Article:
True love and hope prevail, those are two pretty awesome things to explore in any book. What do you personally feel that you took from getting these ideas into a complete story?

The biggest learning experience for me was finding out through research, just how many Esha’s there are in the world who give up their dreams or love to keep up with family and traditions and society and how many don’t live to tell the tale. I also learned alot about the shocking statistics of domestic violence in marital relationships that were upsetting.

Do you feel that your approach to these themes of family, love, tradition and marriage is current, or do you feel that it will become more relevant in the future?

I believe that the themes explored in my book is very much a problem of our current times but I also sadly feel that it’s something that won’t be ending in the foreseeable future.

Even though it’s very relevant and will continue to be, are there people who shouldn’t read your book?

I don’t think this book would be suitable for someone who has been sexually violated. My book deals with the horrors associated with marital rape and suicide, so there is a trigger warning that should be understood before the book is read. If someone has been through this trauma and doesn’t wish to relive this, then it’s not one for them.

Warnings on tough topics like rape and suicide are important, especially when there are no solid rating systems for books like there are for movies. So, what feedback have you already received from readers who have taken the time to explore your book?

Amazing responses. I have had one reader who has been a victim of domestic abuse who loved the theme of hope and positivity that the book brought them. Some readers have loved and hated the characters, telling me how real they found them. I have had readers who have told me they cried for Esha and her pain and I felt that was perfect because that is exactly what I wanted to achieve. I wanted readers to know and feel her pain.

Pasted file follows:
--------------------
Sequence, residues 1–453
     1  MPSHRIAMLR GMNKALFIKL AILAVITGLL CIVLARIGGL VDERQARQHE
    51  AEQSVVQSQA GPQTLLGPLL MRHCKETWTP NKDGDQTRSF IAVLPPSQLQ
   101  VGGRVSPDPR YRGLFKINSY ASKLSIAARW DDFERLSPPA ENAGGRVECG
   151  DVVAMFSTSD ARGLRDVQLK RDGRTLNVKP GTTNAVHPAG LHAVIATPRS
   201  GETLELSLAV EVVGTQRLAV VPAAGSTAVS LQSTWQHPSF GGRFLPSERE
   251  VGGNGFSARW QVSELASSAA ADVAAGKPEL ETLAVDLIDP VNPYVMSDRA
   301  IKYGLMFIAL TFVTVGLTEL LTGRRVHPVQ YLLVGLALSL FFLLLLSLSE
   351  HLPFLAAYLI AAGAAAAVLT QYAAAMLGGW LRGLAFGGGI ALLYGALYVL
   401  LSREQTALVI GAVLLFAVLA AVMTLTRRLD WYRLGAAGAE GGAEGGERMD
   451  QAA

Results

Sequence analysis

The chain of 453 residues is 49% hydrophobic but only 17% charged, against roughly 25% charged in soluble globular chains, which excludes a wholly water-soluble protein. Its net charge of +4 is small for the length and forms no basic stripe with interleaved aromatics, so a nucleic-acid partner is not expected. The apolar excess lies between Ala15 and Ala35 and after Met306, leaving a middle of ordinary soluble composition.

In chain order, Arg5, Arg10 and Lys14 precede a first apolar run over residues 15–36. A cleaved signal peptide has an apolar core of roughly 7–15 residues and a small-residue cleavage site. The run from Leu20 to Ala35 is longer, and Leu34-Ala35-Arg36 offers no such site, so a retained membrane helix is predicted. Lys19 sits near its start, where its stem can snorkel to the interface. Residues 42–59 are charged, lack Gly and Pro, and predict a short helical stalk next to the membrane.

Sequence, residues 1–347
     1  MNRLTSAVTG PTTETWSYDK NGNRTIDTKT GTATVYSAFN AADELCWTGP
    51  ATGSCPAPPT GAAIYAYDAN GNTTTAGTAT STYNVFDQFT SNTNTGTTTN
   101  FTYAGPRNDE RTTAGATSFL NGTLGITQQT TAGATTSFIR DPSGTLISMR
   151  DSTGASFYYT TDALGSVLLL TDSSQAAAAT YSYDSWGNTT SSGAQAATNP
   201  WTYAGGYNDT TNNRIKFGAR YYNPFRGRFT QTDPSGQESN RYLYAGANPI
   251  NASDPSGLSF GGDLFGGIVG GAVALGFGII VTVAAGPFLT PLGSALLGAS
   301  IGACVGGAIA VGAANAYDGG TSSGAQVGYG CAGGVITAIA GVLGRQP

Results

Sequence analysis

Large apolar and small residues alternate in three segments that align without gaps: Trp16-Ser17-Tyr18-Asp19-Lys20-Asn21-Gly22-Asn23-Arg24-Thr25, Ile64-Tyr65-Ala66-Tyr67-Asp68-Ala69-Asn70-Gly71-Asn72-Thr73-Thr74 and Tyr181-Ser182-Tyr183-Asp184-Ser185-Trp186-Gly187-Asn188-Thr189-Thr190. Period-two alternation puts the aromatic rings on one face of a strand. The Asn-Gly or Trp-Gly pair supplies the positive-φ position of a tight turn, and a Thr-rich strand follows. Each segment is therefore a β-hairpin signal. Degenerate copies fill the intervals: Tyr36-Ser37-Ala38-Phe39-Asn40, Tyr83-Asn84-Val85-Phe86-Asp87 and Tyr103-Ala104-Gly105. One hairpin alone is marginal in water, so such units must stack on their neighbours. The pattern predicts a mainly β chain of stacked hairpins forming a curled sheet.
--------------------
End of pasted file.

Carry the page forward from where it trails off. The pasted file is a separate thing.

What have been the positive and negative comments that you have most strongly reacted to said?

The toughest criticism was that a reader said the book hadn’t been strongly edited and would have been perfect with better and tighter editing. I had really worked hard on editing so that was something tough to deal with. The best compliment was when a reader who had been through the similar experiences reviewed on Amazon that she felt Esha’s pain and was able to relate through my writing. I found that comforting knowing that my writing had resonated with someone.

Editing is a mammoth task and one that can just about always be improved. But it’s great to see you’re already making great strides connecting with readers! Is creating connections with your readers on the top of your mind as you write, or do you find yourself focusing on something else? What can you tell us about your mind as you write?

My mind is like a jumble sale when I’m writing. There is always so much up there and I question how my mind can hold so much information. I’m thinking of multiple stories and books, and genres and storylines. I’m creating all these characters in my mind all the time when writing and just want to vomit it all out on paper as soon as I can. I think of other great characters that I have read about and how they help me to create my own characters.